Vietnam's Government Inspectorate kicked off an extensive 70-day audit of the state-owned firm Vietnam Railways, which has been implicated in a bribery scandal involving a Japanese consulting firm.
The audit of Vietnam Railways and its subsidiaries began on October 1, inspectors said.
Inspectors say they will examine the management and use of funds and assets at the state-owned giant between January 1, 2010 and December 31, 2013.
On Wednesday, the former president of a Japanese consulting firm and two others connected with his company pleaded guilty to bribing officials in Vietnam and two other countries, Kyodo News reported.
Tamio Kakinuma, 65, former executive Tatsuro Wada, 67, and adviser, Koji Ikeda, 58, pleaded guilty, as did Tokyo-based Japan Transportation Consultants Inc. (as a company) during the first hearing of their trial at the Tokyo District Court, the report said.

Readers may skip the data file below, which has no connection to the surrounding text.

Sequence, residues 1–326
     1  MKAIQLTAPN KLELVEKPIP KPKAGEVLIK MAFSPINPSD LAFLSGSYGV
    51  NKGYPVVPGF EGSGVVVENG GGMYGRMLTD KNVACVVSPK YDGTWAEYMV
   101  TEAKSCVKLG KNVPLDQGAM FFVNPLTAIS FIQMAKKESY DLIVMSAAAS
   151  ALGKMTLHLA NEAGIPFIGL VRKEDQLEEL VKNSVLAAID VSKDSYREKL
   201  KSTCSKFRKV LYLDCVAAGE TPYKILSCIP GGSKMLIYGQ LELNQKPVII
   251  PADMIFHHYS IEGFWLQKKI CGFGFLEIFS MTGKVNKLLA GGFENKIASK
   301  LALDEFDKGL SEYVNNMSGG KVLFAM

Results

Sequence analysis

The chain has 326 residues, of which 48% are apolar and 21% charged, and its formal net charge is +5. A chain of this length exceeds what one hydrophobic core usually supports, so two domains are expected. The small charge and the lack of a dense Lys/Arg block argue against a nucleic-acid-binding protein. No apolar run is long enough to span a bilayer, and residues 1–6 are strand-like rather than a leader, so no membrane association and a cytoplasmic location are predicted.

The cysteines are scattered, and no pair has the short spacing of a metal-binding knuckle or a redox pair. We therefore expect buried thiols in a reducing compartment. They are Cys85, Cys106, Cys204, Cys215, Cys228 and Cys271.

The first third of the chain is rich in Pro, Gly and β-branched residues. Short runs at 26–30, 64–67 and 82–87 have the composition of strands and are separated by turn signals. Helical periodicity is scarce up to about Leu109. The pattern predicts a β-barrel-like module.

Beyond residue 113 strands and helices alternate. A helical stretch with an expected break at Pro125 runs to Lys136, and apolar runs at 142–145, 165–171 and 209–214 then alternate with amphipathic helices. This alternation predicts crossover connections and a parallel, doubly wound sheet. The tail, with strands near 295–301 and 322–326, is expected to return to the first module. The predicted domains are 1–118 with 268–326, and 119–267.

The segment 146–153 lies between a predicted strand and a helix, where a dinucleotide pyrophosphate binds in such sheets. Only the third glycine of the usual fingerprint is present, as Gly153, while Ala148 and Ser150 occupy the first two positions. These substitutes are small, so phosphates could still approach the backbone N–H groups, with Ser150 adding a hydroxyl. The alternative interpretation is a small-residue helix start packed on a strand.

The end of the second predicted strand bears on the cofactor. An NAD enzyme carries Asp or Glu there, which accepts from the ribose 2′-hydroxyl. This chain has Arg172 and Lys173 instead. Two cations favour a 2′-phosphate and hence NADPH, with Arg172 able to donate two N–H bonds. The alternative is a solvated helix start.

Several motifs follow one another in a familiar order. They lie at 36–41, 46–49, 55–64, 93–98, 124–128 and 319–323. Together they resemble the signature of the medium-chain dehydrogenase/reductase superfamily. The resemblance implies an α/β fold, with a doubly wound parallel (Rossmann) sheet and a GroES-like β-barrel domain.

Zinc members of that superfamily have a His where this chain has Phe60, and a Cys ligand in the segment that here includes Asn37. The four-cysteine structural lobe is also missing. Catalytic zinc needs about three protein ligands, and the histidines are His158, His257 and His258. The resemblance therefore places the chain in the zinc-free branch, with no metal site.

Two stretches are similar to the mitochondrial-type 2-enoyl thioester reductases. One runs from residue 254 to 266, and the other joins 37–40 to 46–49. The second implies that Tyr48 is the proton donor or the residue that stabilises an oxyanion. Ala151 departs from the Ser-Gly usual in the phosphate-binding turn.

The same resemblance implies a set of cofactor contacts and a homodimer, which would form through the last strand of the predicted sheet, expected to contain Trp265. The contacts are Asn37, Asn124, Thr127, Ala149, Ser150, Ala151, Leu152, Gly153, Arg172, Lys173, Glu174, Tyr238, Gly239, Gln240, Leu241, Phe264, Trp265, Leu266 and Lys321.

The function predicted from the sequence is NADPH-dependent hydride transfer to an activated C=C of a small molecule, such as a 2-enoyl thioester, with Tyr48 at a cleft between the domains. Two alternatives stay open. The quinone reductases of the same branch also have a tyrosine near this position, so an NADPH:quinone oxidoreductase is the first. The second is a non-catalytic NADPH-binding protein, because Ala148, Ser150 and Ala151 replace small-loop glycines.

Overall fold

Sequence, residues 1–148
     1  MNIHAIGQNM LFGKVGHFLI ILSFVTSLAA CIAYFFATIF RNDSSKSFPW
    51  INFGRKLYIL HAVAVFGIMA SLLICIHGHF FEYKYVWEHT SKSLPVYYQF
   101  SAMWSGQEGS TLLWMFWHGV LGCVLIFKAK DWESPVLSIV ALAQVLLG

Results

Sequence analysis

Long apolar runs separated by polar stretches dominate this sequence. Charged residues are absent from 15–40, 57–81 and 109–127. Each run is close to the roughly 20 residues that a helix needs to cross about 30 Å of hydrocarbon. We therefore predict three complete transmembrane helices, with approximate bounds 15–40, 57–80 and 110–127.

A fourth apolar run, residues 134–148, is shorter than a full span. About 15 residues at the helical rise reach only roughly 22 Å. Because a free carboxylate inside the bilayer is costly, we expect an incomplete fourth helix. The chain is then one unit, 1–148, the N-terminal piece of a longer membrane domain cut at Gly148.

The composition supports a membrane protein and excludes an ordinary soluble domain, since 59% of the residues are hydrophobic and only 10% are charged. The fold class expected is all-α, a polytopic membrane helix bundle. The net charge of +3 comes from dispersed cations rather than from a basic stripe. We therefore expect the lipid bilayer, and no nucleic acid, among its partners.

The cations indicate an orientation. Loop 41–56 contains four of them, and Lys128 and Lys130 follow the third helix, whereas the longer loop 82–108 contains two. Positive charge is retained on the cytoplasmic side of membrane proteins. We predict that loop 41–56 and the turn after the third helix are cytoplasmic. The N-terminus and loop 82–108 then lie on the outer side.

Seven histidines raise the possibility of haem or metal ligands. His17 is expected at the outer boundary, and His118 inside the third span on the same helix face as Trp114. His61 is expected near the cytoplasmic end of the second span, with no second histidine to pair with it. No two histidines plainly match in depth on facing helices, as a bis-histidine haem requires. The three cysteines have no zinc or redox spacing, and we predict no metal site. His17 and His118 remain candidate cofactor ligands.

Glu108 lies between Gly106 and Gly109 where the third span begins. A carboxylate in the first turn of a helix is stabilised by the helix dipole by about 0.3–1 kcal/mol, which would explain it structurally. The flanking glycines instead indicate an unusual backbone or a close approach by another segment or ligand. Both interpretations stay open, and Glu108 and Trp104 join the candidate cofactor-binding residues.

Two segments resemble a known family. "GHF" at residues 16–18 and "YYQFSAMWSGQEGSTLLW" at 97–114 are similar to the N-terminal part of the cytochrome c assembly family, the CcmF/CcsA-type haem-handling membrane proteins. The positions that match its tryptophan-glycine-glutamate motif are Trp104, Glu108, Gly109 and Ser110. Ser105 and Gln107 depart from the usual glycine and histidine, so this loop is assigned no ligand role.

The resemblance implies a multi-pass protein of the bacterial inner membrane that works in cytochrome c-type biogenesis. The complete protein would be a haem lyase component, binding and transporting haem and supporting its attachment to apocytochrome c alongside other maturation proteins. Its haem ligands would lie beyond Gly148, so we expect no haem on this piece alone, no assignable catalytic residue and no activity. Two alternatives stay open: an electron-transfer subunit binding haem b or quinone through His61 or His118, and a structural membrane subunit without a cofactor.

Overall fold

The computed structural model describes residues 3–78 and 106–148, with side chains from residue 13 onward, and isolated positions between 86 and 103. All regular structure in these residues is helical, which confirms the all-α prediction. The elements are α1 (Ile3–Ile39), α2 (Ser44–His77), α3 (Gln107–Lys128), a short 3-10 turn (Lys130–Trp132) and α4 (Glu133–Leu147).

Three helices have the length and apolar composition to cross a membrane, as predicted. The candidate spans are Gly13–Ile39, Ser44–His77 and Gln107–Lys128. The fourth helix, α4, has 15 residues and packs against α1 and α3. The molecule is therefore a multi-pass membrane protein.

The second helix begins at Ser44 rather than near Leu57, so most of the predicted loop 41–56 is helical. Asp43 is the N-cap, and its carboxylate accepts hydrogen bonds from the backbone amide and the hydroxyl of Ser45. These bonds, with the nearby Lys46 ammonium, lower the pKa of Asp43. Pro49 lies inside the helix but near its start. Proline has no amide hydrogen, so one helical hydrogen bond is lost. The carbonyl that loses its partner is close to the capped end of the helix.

The defendants said they handed some 70 million yen (about US$640,000) to three senior officials at Vietnam Railways between 2009 and 2014 to win approval for a Japanese-funded urban railway project in Hanoi, the report quoted prosecutors as saying.
Vietnamese police have detained six Vietnam Railways officials, including a deputy general director, to investigate their role in the bribery scandal.
According to the Japanese indictment, the defendants also paid some 20 million yen worth of rebates to five officials at Indonesia's transportation ministry between 2010 and 2013, and the equivalent of 54 million yen to three officials at Uzbekistan's state-run railway firm between 2012 and 2013.
Prosecutors said many of the local officials had solicited the bribes, according to Kyodo News.
The scandal prompted the Japanese government to suspend new official development assistance (ODA) funding to Vietnam in early June.
Tokyo resumed all aid in late July on the condition that Vietnam commit to investigating all ODA projects involving JTC and Vietnam Railways and take specific measures to stop future graft.